home Art & Sports, Black Opinion Decolonisation must be decolonised

Decolonisation must be decolonised

Featured Imaged: Dr Sharlene Khan is a Senior Art History and Visual Culture Lecturer at Rhodes University. Photo: Rhodes University website

By Athi Mongezeleli Joja

‘If one has to be “the black” in or a particular context in order to designate a racial and a racist formation, then the rug that sleeps away beneath one’s feet becomes apparent with the apparent fanonian “lived experience” of the black: Although there are people who function as “the blacks” in particular contexts, there is a group of people who function as blacks everywhere. They are called, in now archaic language – negroes. Negroes are the blacks of everywhere, the black blacks, the blackest blacks.’ Lewis Gordon.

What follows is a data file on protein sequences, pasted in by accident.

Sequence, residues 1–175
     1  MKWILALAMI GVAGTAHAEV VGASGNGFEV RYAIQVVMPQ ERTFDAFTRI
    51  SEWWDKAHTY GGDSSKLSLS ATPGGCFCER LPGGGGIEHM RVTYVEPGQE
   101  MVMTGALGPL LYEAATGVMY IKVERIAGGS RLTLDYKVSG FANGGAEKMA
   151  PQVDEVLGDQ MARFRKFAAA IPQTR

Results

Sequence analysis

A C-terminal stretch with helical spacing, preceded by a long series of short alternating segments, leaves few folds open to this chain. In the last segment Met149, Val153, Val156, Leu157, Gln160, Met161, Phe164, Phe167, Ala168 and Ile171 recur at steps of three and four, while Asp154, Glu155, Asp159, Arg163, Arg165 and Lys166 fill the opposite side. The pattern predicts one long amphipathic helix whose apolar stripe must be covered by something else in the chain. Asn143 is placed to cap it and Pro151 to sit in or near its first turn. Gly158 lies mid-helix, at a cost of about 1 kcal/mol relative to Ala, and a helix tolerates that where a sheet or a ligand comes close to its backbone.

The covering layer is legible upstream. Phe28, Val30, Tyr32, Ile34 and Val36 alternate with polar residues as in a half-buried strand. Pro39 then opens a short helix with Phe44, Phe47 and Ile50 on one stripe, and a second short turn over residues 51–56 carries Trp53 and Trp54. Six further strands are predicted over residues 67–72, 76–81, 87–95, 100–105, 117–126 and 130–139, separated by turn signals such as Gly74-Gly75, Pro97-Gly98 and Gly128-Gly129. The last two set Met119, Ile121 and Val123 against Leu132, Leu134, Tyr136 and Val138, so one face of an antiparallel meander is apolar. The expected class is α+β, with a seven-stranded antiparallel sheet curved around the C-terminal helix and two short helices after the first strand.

Yesterday I went to listen to the panel on the black modernism debacle at the Point of Order gallery at Wits University. I wont bore you with the story around the misadventures of the exhibition or even my own apprehensions about the entire debacle. However I do want to bring to your attention my other apprehensions about one of the panelist’s remarks. Sharlene Khan, currently a senior lecturer at Rhodes University made the most despicable claims to a gallery full of scholars, artists, activist, students and general public. Khan is the infamous author of 2006 seminal shocker piece Doing It For Daddy, that had half of the white female art scholars in livid rage. However yesterday Khan stated as a matter of fact that unlike Wits and UCT fine art departments, Rhodes University art department was the most progressive department. She was saying this as part of her criticism of institutional racism, vacillating between her personal experience at/with Wits and UCT scholars, and the objective experiences of black scholars (including the recent Black Modernism issue) in predominantly white universities, focusing more specifically on the fine arts. citing her piece there and there to highlight how institutional racism continues to cast blacks as problems (herself included), as a way of excluding those scholars who don’t hold back on dissent. She also mentioned how this exclusion isn’t an obscure issue enacted by the walls of the university, but perpetuated by individuals because personally benefits them. Fine and good! Khan and many people in the panel, said a lot of things which i cannot fully recount here – some interesting and some quite banal. And since i couldn’t say this at the talk, let me say a few things now.